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Before the start of business, Just Security provides a curated summary of up-to-the-minute developments at home and abroad. Here’s today’s news.


President Trump and his associates yesterday looked to enact political revenge on congressional Democrats and the media, taking advantage of the momentum generated by the end of special counsel Robert Mueller’s investigation into Russian electoral interference. A summary of Mueller’s conclusions released Sunday by Attorney General William Barr stated that the special counsel had not found enough evidence to prove a conspiracy between Trump’s campaign and Moscow, although Mueller did not make a determination on allegations of obstruction of justice, Jordan Fabian reports at the Hill.

“There are a lot of people out there that have done some very … very evil things … very bad things — I would say treasonous things against our country,” Trump said in remarks from the Oval Office yesterday, although he did not give names. “Those people will certainly be looked at … I’ve been looking at them for a long time,” the president added, Peter Baker and Nicholas Fandos report at the New York Times.

“I will tell you … I love this country … I love this country as much as I can love anything: my family … my country … my God,” Trump told reporters, adding: “but what they did – it was a false narrative, it was a terrible thing … we can never let this happen to another president again … I can tell you that … very few people I know could have handled it.” However, when asked if Mueller had acted honorably, Trump said: “Yes, he did,” David Smith reports at the Guardian.

Trump indicated he would support the public release of the full report, and that such a release “wouldn’t bother me at all.” Democrats have called for the speedy release of the report and its underlying documents to enable the public to draw its own conclusions, Vivian Salama and Kristina Peterson report at the Wall Street Journal.

Senate Majority Leader Mitch McConnell (R-Ky.) yesterday blocked a resolution calling for the report to be released publicly. Senate Minority Leader Charles Schumer (D-N.Y.) had asked for unanimous consent for the nonbinding resolution –which cleared the House 420-0 – to be passed by the Senate, stating on the floor that “whether or not you’re a supporter of President Trump … there is no good reason not to make the report public … it’s a simple request for transparency;” McConnell, however, objected, noting that Barr is working with Mueller to determine what in his report can be released publicly, Jordain Carney reports at the Hill.

Mueller reportedly informed Barr and Deputy Attorney General Rod Rosenstein three weeks ago that his office would not reach a conclusion on obstruction of justice, according to a person familiar with the March 5 meeting. Julia Ainsley reports at NBC.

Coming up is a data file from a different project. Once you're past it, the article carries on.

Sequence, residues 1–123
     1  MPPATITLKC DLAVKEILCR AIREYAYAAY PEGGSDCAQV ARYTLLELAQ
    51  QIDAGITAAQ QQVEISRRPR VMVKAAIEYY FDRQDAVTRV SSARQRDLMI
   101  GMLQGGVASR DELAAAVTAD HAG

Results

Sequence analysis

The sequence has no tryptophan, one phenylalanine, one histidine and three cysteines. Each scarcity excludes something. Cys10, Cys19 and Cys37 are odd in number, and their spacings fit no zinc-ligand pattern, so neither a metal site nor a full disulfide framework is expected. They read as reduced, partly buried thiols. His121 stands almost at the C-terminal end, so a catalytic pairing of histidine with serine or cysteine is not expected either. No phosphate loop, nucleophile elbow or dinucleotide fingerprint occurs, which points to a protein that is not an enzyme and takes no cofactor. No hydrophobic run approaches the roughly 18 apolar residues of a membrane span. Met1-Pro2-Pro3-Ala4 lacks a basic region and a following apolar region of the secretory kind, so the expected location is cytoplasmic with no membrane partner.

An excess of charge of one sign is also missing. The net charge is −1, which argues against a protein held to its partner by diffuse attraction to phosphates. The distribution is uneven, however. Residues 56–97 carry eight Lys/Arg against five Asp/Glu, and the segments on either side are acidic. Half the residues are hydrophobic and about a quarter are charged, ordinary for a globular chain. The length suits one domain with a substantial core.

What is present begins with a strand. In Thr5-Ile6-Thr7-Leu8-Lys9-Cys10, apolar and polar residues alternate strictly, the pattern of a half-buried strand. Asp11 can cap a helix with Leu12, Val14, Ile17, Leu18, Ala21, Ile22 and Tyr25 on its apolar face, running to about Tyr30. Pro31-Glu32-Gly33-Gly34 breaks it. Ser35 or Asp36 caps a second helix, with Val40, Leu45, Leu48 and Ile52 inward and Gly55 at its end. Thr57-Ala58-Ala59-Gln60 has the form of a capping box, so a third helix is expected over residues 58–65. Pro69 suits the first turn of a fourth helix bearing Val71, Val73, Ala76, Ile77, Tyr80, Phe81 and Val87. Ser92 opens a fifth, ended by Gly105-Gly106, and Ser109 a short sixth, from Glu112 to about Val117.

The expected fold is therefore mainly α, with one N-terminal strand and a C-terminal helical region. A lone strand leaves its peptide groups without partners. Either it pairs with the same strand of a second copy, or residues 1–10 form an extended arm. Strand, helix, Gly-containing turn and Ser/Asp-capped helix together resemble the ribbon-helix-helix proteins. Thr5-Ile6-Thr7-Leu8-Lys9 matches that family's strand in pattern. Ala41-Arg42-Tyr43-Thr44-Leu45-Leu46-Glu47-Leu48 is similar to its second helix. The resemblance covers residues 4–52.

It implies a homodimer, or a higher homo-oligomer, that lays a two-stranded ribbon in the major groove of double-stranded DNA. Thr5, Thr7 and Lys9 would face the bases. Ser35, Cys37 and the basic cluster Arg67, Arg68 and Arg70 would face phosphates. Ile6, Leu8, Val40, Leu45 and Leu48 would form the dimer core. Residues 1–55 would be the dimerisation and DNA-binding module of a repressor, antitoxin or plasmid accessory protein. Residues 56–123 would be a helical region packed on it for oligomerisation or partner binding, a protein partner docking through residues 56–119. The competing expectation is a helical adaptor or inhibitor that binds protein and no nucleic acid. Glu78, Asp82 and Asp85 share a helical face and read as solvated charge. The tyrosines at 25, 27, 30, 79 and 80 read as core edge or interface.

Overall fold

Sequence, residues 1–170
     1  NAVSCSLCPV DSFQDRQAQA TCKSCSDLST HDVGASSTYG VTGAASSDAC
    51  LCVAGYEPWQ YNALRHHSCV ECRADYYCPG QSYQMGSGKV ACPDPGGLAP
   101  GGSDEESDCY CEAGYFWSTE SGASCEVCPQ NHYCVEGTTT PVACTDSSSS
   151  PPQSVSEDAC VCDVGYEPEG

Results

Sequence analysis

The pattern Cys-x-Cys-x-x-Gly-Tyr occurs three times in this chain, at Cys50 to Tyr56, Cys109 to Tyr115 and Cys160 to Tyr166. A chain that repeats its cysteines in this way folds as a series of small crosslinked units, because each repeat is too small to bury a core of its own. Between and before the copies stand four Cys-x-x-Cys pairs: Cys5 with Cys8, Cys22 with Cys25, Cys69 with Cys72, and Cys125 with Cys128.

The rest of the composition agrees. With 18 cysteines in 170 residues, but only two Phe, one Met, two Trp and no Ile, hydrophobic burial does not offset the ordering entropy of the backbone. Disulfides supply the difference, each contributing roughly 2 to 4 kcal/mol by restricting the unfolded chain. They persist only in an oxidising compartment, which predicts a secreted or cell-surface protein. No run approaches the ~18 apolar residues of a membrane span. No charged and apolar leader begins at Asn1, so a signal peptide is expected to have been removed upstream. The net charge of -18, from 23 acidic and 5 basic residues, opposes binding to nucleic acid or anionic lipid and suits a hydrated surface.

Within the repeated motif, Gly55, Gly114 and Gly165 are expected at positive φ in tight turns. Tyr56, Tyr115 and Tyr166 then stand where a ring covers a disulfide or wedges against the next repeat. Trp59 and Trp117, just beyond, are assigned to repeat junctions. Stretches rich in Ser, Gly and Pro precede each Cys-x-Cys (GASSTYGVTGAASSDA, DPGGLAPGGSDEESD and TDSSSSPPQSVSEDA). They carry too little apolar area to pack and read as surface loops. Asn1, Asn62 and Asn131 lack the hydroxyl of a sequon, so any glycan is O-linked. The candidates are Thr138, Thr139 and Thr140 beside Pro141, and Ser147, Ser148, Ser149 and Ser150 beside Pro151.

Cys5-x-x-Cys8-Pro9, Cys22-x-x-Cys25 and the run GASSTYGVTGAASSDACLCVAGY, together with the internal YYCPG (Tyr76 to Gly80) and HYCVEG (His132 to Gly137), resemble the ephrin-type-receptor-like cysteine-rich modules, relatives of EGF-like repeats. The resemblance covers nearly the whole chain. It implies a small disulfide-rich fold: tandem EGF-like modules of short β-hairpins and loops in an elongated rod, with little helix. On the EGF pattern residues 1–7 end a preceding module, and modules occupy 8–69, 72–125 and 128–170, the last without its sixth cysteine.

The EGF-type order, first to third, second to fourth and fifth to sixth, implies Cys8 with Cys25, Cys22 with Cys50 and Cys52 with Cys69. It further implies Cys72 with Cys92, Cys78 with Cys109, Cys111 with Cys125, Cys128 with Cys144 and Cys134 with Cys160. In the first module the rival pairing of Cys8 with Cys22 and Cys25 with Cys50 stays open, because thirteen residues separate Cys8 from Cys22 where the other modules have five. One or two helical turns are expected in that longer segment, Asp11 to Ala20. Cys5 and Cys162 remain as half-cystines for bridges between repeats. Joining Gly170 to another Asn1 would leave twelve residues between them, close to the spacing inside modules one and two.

White House press secretary Sarah Huckabee Sanders stated yesterday that have been no conversations regarding Trump issuing pardons for any of his associates who have been charged or pleaded guilty as part of Mueller’s investigation. Reuters reports.

The House Intelligence Committee postponed its scheduled public interview with Trump Tower Moscow chief negotiator Felix Sater, a spokesperson for the panel announced yesterday, citing outstanding questions from Barr’s summary. “In light of the cursory letter from the Attorney General, and our need to understand Special Counsel Mueller’s areas of inquiry and evidence his office uncovered, we are working in parallel with other committees to bring in senior officials from the D.O.J., F.B.I. and S.C.O. to ensure that our committee is fully and currently informed about the SCO’s investigation, including all counterintelligence information,” the spokesman remarked, Andrew Desiderio and Kyle Cheney report at POLITICO.

The U.S. Supreme Court yesterday refused to hear an appeal from an unidentified foreign corporation fighting a sealed grand jury subpoena issued by Mueller. The case, In re Grand Jury Subpoena, No. 18-948, has been shrouded in secrecy, but redacted court rulings and Supreme Court briefs have provided a few clues including that an unnamed foreign government – referred to in court papers as Country A – owns the company, Adam Liptak reports at the New York Times.


An account of the unfolding reaction to the summarized release of Mueller’s findings, in Washington and Moscow, is provided by John Wagner and Felicia Sonmez at the Washington Post.

Following the release of Mueller’s findings the prospect of a Republican Senate moving to impeach Trump is now “further away than ever.” Burgess Everett provides an analysis at POLITICO.

“Trump is premature in claiming his exoneration by Barr’s letter,” Michael Conway comments at NBC, arguing that “Congress, the public and history are entitled to decide if Mueller’s recitation of facts warrants the indictment or impeachment of President Trump for obstruction of justice.”

Mueller’s findings give the Democrats an opportunity to move on, Bill Scher comments at POLITICO Magazine, writing that “many voters won’t care that Trump is a grifter if they believe Trump has made their own lives better … the Democratic challenge is to show that he hasn’t.”